If you have made the decision to spray your home for fleas there are some factors to consider before purchasing such a product.  First, make sure that the product you choose is labeled for indoor flea use.  Many products are labeled for outdoor flea use; many products are labeled for killing many indoor bugs.  An indoor flea label is special; it gives you the clear signal that the product is water-safe for almost any fabric in your home and once it has been applied correctly and been allowed to dry the product is perfectly safe for people and pets in the home.
You should also choose a product that combines an IGR or can be tank mixed with an IGR.  An IGR (insect growth regulator) is more important than its companion insecticide when dealing with indoor fleas.  While insecticides kill adult fleas as they emerge (adult fleas make up 2% or less of the total flea population in your home), an IGR such as Archer will prevent all the eggs and larvae from maturing into adult fleas, thus breaking the cycle of fleas indoors.
Now that you know what to look for, here are some options that will help you select a product for your home.  If you own a sprayer and already do your own pest control, a good combination for you to use in flea control is Suspend SC and Archer.  Suspend is an odorless product that is great for killing fleasantsroachesspiders and other pests in and around the home.  Archer is an IGR that contains Nylar, a material that prevents immature fleas and roaches from developing properly.  When applied correctly, Archer will continue to work in your home (on floors, furniture, etc.) for three to four months, sometimes longer.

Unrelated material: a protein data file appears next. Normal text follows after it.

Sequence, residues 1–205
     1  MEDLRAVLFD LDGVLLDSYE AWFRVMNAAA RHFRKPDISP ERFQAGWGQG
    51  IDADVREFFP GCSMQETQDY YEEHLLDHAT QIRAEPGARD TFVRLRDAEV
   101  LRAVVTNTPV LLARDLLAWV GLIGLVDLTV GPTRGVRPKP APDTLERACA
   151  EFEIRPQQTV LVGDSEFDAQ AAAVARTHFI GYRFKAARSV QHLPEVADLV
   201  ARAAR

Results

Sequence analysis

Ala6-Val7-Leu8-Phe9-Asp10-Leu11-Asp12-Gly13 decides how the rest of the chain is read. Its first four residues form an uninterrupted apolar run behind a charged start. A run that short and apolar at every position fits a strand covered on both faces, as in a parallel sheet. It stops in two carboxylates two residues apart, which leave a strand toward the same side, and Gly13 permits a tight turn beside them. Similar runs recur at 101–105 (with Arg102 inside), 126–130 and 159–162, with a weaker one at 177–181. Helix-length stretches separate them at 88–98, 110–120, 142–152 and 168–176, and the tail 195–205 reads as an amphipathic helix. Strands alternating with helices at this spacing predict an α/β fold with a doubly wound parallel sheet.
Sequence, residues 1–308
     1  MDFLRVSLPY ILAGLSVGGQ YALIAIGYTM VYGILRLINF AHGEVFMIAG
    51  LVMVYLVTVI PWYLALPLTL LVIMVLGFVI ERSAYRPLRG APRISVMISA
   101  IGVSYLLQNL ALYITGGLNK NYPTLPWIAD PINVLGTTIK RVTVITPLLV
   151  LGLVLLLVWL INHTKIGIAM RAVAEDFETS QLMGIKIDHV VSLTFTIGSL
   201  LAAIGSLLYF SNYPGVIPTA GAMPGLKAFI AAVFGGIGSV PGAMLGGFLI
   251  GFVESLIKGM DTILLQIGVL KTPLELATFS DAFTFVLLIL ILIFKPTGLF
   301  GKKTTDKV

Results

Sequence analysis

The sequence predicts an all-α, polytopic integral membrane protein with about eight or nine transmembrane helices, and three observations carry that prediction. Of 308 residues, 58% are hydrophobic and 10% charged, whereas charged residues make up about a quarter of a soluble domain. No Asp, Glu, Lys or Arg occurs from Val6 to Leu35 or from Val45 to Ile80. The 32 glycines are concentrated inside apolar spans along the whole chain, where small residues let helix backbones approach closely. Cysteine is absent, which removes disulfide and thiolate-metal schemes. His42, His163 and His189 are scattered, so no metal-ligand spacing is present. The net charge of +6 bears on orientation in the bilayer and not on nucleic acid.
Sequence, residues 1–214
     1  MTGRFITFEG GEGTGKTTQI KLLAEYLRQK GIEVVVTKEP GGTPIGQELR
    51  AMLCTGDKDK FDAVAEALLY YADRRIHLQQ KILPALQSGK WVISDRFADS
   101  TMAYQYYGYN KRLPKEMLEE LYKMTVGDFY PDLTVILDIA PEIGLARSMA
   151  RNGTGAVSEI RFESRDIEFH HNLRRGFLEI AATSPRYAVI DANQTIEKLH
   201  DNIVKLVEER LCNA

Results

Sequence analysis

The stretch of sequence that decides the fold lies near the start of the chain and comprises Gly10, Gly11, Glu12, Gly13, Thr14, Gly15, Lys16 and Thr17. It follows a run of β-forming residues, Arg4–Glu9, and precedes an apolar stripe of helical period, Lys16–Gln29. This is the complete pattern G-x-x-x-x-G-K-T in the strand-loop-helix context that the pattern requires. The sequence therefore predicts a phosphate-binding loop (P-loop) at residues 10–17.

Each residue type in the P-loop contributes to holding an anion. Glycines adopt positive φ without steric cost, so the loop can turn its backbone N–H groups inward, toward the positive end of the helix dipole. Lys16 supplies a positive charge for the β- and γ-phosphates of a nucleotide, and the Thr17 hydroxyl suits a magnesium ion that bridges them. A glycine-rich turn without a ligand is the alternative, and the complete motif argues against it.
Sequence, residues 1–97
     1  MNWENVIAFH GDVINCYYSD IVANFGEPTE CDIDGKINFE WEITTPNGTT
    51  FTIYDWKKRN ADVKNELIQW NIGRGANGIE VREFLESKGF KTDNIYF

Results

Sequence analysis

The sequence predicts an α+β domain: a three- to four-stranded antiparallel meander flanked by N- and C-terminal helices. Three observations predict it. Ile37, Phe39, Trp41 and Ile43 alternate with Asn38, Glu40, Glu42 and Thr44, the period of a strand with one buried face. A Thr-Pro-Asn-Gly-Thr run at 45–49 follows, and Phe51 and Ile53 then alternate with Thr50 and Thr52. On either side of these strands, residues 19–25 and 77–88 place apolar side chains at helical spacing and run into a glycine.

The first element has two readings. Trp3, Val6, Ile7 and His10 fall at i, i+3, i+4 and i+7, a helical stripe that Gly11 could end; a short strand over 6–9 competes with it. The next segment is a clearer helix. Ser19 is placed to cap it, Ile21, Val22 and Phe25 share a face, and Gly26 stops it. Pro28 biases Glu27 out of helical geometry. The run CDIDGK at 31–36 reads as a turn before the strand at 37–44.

For a home that has about 1,500 square feet of living space, mix 1.5 ounces of Suspend SC and 1 or 2 ounces of Archer to one gallon of water.  This gallon of odorless solution is to be used indoors.  Do not save the solution for a later date; use the all that you mix, the day you mix.  For severe or stubborn flea infestations, repeat your application at two week intervals.
If you do not own a sprayer and do not choose to purchase one, you do have another option: Precor 2000.  This is a professional aerosol that works great on fleas, although it is not labeled for other household pests as are general purpose products such as Suspend SCDemon WPDemand CS and others.  Precor 2000 contains both the insecticide needed to kill adult fleas and an IGR (PrecorMethoprene) needed to treat indoors for fleas.  Many people prefer to use this professional aerosol for fleas on uncarpeted floors because of the products droplet size.  The tiny droplets can easily penetrate any tiny crack or crevice where flea eggs roll into or where smaller flea larvae try to hide.
You can expect to see fleas hatching for a while, even after treating with professional grade pest control products.  The reason for this is simple: insecticides (such as Suspend SC) and insect growth regulators (such as ArcherNylar) are great for adult fleas and flea larvae but they cannot penetrate the water-proof casings of the flea that is in the pupae stage.  Fleas in this dormant stage must fully develop and hatch before they can be killed.  Patience is the key to complete elimination and prevention of indoor fleas on hard, tiled, wood floors.